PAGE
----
Thursday, September 2, 2010

Leviticus 22, 23, 24 Feasts of the Lord

blowing the shofar (by Alphonse Lévy)Image via Wikipedia
Over the years, as I was planning to go on vacation or planning to attend an event such as a party, friends would typically say things like "Have a good one" or "Enjoy yourself".  Now, in relation to Leviticus 23, these good wishes seem pallid by comparison.

In Leviticus 23, God mandated that Israel have set times to celebrate as they bask in their relationship with God, King of the Universe, Creator of the Universe, Sovereign over All. Up until this point, Israel heard injunctions relating to unholy behaviour and consequences of sin. And now, God wanted them to recognize who they were in relation to Him.  Families always celebrate achievements and milestones together.

In Leviticus 23, God told the sons of Jacob, to celebrate and memorialize God's hand in Israel's history. Yes, Israel was told to do no work - but when is having a rollicking, good time ever about work? When the Sabbath was observed on the seventh day,  Israel honored and remembered God's act of Creation.   The Feast of Passover and Unleavened Bread celebrated God's redeeming hand as He brought Israel out of Egypt.  Nestled between Passover and the Feast of Unleavened Bread, The Feast of Firstfruits, when the first sheaf of the harvest was cut and presented to the Lord, was perceived as God's pledge for a full harvest later.  Occurring fifty days after the Feast of Firstfruits, the Feast of Weeks or Shavuot  originally celebrated the wheat harvest and later the giving of the Law to Moses.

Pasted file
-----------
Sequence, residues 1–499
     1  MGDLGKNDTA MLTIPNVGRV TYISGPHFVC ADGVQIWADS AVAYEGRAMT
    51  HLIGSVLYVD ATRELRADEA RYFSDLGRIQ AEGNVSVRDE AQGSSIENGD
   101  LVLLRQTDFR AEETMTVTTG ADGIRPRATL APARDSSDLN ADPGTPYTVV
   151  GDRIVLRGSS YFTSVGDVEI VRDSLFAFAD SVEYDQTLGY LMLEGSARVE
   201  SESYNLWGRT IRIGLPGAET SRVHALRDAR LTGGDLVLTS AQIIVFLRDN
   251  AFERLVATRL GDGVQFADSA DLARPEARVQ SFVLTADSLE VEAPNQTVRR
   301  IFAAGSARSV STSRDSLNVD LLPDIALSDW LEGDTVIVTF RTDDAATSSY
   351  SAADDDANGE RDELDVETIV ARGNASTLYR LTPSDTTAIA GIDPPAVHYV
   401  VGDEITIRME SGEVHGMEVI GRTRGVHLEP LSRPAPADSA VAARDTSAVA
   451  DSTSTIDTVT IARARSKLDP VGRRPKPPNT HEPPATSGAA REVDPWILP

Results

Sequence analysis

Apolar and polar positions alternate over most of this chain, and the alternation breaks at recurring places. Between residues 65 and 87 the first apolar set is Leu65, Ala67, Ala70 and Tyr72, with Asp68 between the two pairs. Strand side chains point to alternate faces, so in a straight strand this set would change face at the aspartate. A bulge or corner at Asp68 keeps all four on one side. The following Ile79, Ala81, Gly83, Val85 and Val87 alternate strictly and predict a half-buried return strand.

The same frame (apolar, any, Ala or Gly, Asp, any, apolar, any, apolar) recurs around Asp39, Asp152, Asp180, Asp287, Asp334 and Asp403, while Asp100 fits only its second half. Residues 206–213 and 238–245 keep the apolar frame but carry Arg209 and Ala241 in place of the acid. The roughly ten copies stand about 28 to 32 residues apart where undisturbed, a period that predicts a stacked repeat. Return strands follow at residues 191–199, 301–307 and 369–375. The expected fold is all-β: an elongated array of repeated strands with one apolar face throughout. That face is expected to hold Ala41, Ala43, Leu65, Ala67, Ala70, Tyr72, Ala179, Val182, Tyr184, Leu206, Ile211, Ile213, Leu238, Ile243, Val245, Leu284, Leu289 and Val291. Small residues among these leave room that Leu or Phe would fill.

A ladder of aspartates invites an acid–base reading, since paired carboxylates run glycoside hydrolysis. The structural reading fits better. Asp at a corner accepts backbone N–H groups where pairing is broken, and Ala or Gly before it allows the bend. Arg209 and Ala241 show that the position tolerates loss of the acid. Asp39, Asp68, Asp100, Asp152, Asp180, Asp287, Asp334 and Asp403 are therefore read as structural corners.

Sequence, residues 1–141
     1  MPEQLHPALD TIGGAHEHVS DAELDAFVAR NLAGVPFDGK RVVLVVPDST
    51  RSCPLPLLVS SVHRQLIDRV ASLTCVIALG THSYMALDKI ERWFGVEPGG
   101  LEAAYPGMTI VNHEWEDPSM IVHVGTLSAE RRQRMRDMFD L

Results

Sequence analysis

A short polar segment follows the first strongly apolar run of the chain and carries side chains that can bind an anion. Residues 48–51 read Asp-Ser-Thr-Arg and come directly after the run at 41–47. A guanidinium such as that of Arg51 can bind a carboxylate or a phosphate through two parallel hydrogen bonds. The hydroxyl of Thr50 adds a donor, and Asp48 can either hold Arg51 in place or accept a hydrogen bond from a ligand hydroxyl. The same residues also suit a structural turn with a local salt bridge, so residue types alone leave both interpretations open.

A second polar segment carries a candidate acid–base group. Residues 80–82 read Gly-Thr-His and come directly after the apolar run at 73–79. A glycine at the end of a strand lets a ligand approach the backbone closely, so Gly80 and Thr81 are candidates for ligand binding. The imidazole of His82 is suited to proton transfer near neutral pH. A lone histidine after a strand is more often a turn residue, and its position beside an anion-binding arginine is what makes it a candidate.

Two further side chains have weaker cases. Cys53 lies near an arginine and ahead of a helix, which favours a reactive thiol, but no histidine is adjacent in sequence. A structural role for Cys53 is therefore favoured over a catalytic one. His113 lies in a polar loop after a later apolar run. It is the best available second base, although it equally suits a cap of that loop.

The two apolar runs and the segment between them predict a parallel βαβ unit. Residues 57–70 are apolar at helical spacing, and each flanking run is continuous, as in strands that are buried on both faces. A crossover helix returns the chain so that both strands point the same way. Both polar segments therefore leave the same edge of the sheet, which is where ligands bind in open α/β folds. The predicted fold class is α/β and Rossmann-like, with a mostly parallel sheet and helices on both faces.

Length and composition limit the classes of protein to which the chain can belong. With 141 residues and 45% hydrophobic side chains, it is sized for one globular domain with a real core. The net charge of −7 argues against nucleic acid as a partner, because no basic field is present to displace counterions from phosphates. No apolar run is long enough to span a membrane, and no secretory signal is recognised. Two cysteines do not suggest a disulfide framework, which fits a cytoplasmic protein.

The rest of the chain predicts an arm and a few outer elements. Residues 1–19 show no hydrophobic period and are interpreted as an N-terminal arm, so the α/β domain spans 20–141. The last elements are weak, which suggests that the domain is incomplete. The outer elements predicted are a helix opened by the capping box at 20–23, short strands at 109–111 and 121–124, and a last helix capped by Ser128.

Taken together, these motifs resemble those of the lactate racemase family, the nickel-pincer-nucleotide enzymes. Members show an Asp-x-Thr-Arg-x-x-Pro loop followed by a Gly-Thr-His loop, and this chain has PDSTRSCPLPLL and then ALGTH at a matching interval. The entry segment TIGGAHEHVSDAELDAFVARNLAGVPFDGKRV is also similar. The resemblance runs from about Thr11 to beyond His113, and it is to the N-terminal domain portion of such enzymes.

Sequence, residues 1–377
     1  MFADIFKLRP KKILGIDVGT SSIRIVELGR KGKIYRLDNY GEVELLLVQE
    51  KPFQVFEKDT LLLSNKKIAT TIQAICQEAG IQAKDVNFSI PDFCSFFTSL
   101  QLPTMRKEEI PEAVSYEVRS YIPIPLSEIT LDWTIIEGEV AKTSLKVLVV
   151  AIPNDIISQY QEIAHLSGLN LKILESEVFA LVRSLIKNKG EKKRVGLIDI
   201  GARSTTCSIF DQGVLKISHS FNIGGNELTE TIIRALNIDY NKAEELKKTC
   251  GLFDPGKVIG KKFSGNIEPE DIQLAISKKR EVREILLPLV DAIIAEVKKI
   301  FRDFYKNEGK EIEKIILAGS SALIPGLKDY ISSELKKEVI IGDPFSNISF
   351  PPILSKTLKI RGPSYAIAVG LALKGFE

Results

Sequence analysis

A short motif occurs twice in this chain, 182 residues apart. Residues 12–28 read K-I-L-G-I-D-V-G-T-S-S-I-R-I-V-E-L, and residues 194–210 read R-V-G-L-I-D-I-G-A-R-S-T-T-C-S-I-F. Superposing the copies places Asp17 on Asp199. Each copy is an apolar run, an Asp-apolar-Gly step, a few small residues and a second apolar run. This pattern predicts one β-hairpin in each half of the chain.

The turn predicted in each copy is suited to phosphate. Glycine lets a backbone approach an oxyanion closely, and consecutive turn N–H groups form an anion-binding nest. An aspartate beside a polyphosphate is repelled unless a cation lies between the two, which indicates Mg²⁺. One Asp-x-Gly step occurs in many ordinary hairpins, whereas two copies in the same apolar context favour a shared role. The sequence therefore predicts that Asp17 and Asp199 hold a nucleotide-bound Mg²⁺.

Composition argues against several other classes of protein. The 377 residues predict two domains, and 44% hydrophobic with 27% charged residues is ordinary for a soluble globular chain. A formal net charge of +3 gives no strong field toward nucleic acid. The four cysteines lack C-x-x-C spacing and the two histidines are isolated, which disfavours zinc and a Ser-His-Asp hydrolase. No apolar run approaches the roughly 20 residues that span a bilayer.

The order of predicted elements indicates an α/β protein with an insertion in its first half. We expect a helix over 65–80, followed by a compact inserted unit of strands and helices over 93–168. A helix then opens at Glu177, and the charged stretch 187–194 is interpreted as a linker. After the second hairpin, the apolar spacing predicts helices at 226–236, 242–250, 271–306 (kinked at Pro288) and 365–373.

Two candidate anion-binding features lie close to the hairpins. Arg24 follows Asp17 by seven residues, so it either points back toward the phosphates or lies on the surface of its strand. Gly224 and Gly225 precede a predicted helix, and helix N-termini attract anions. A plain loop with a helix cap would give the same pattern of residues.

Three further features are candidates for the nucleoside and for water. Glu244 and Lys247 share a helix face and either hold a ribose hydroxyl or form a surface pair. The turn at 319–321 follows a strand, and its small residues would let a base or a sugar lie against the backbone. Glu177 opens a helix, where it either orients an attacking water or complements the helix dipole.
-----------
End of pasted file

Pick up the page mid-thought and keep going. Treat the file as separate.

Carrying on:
Israel reveled and partied during the spring Feasts as they rejoiced in God's provision and trusted in His future provision.  It was a time of national prayer when everyone praised God and glorified His Holy Name - God's promises for the future were so real that Israel thanked God for them beforehand.  As a nation, Israel convened to glorify God and to grow in their assurance of God's deliverance.

However, the autumn feasts, occurring in the seventh month, a sabbath month,  Tishri, were more solemn in nature. God ordained that, in the sabbath month,  Israel would first engage in extensive self-examination and penitence. And later in Tishri, Israel enjoyed the most festive of all feasts, Sukkot.

After the destruction of the Temple in Jerusalem in 70 AD, The Feast of Trumpets, memorialized on the first day of the seventh month, became Rosh Hashanah or the Jewish New Year. Ten days later, Yom Kippur or the Day of Atonement, was the one day ancient Israel fasted while atonement was made for the nation.  After the atonement, when Israel was reconciled to God, it was time for the Feast of Booths in which God tells Israel to "rejoice before the Lord your God for seven days," Leviticus 23: 40.  After heartfelt penitence, they were told to party.

In Leviticus 23, God instituted festivals which allowed Israel to use  their senses as well as emotions to relate to God.   I think of this as God telling us, yet again, that He created us and that He knows how to engender a knowledge of Him is a world that defies and denies Him relentlessly.
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